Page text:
The Last Resort (USA, 70 min.) Dir. Dennis Scholl and Kareem Tabsch Beaches, bikinis, parties and Art Deco architecture in vibrant colours make up Andy Sweet’s photographs of 1970s South Beach, Miami. It’s not that far removed from today’s South Beach—only in Sweet’s photographs, everybody is over 70, and overwhelmingly Jewish. They are a part of Sweet’s ambitious 10-year endeavour, alongside photographer Gary Monroe, to document their hometown’s Jewish retirement community living in the sunny paradise of 1970’s Miami Beach, a now-bygone era in the city’s past. In The Last Resort, filmmakers Dennis Scholl and Kareem Tabsch present an evocative portrait

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Review: ‘Inventing Tomorrow’

Inventing Tomorrow (USA, 87 min.) Dir. Laura Nix Imagine a city carved by bubble bath lakes with white, foamy and luscious bubbles scattering the streets. That is what we see in the city of Bangalore, India in Laura Nix’s Inventing Tomorrow, only the reality is not so beautiful; in fact the bubbles are caused by toxic waste combining with household detergents. Nix’s film follows a group of young scientists from different ends of the world as they tackle environmental issues such as the one in Bangalore in their local communities. Through scientific exploration, innovation and creativity they prepare to compete at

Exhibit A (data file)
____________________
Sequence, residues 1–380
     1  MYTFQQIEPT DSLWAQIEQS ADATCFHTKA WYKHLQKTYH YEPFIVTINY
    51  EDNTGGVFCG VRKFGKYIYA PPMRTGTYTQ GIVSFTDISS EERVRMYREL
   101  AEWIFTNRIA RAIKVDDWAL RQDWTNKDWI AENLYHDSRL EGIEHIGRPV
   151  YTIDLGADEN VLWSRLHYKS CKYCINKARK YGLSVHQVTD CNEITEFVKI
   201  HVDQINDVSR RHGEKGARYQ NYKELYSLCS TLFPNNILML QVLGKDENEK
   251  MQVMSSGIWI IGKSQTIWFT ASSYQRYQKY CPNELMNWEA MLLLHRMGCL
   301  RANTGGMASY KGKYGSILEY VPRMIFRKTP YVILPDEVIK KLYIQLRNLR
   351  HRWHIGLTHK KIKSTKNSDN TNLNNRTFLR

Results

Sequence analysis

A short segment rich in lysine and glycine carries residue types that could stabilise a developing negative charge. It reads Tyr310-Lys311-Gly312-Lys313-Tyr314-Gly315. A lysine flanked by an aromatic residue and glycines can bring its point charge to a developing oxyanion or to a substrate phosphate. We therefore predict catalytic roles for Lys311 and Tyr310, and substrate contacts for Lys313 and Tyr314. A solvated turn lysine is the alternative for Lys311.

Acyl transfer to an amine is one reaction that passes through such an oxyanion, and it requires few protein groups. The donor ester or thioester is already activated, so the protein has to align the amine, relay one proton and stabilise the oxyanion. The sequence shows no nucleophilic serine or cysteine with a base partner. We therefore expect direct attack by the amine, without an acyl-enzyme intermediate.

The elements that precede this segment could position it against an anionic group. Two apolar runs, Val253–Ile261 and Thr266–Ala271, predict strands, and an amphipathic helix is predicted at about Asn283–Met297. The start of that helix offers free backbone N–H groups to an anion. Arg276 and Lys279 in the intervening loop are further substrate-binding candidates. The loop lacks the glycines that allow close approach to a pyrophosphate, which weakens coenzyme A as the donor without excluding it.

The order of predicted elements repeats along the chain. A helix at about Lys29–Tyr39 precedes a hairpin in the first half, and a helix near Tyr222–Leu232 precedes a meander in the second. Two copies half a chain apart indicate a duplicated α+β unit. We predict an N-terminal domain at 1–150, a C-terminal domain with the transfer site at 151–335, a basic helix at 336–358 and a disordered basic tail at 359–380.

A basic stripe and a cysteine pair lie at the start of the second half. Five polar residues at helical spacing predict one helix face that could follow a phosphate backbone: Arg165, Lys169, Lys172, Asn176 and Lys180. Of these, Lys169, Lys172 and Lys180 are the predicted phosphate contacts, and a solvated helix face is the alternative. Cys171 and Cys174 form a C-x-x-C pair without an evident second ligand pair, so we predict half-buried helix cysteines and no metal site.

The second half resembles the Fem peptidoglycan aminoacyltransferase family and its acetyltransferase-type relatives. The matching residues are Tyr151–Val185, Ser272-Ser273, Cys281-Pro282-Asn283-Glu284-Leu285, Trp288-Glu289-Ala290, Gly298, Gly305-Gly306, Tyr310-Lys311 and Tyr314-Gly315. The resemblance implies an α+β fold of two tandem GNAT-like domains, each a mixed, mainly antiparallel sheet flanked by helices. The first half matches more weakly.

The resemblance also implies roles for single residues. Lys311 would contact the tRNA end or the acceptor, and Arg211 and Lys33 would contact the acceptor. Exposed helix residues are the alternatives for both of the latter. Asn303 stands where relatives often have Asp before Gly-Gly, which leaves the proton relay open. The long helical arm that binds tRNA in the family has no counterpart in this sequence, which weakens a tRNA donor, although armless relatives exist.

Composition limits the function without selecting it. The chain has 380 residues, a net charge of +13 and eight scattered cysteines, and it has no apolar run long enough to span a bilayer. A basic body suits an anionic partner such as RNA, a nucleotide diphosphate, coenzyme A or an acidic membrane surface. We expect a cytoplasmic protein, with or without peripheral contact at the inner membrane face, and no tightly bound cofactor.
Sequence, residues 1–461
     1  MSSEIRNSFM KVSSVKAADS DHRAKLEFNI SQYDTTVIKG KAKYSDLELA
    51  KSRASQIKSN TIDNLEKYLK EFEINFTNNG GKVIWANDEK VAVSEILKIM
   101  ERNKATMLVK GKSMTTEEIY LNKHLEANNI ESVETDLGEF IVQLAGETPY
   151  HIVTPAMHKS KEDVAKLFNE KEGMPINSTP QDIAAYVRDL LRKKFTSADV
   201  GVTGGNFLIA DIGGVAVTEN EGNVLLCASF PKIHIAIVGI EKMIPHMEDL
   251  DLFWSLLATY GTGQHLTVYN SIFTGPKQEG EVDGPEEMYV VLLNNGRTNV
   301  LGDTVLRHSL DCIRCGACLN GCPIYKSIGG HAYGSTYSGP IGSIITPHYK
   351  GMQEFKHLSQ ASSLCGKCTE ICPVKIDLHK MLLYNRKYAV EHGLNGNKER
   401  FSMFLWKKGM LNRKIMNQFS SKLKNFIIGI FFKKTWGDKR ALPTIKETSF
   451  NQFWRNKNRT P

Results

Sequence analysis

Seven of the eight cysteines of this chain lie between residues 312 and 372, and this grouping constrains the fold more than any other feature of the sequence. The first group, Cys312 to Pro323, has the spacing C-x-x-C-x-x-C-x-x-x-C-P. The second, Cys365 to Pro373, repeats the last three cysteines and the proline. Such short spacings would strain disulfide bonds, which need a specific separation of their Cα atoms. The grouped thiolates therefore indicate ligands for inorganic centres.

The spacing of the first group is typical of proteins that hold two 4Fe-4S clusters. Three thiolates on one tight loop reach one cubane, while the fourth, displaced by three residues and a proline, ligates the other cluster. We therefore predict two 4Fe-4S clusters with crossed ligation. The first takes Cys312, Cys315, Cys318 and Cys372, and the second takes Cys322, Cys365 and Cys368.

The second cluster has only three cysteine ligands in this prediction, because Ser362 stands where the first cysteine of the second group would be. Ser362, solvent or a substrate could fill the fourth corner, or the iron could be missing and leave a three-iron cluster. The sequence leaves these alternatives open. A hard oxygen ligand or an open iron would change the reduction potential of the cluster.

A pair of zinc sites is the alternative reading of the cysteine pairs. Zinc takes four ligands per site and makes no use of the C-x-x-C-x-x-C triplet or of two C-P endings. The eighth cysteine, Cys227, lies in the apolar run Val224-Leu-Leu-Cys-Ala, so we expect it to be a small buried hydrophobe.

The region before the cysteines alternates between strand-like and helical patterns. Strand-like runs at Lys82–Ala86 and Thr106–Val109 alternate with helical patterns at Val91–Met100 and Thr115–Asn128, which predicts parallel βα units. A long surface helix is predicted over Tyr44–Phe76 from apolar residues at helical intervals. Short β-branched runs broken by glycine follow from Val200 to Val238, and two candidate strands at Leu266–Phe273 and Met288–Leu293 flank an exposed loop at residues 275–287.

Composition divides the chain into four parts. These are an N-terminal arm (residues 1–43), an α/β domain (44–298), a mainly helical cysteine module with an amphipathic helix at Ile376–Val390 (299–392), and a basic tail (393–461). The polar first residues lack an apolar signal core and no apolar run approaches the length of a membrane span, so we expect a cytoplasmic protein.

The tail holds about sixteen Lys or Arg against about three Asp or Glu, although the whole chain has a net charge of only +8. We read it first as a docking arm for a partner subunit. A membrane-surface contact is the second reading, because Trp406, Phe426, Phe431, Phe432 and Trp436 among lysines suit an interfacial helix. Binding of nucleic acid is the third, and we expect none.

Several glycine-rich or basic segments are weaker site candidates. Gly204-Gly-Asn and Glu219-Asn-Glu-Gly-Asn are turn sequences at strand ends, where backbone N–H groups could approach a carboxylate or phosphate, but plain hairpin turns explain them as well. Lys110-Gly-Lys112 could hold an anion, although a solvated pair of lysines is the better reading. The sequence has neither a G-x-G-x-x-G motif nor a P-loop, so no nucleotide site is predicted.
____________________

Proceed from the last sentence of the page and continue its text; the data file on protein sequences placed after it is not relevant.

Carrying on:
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Review: ‘Around India with a Movie Camera’

Around India with a Movie Camera (UK, 72 min.) Dir. Sandhya Suri Was there a random box of archival footage at the British Film Institute labelled Odds and Ends – India? One can only wonder how such a haphazard assortment of bits and pieces from film history landed in such an unwieldy heap. These clips and reels feature some of the earliest footage of India and chronicle the life of the country over 50 years from the advent of film to the country’s independence in 1947. The footage itself is obviously valuable and culturally, historically, and (in some cases) artistically significant. Around

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Review: ‘Hal’

Hal (USA, 90 min.) Dir. Amy Scott Is there a director with a winning streak better than Hal Ashby? Perhaps rivaled only by early career Woody Allen in his prolific output, but far more consistent in the quality of his formative years, Ashby delivered one influential film after another in the 1970s. From the box office success of Shampoo (1975) to the Oscar-winning gold of Coming Home (1978) to the comedic brilliance of Being There (1979), his films occupy a decent chunk of what many film buffs consider the best decade in cinema. Ashby gets a warm cinephile’s appreciation in Hal, an engaging crash course on authorship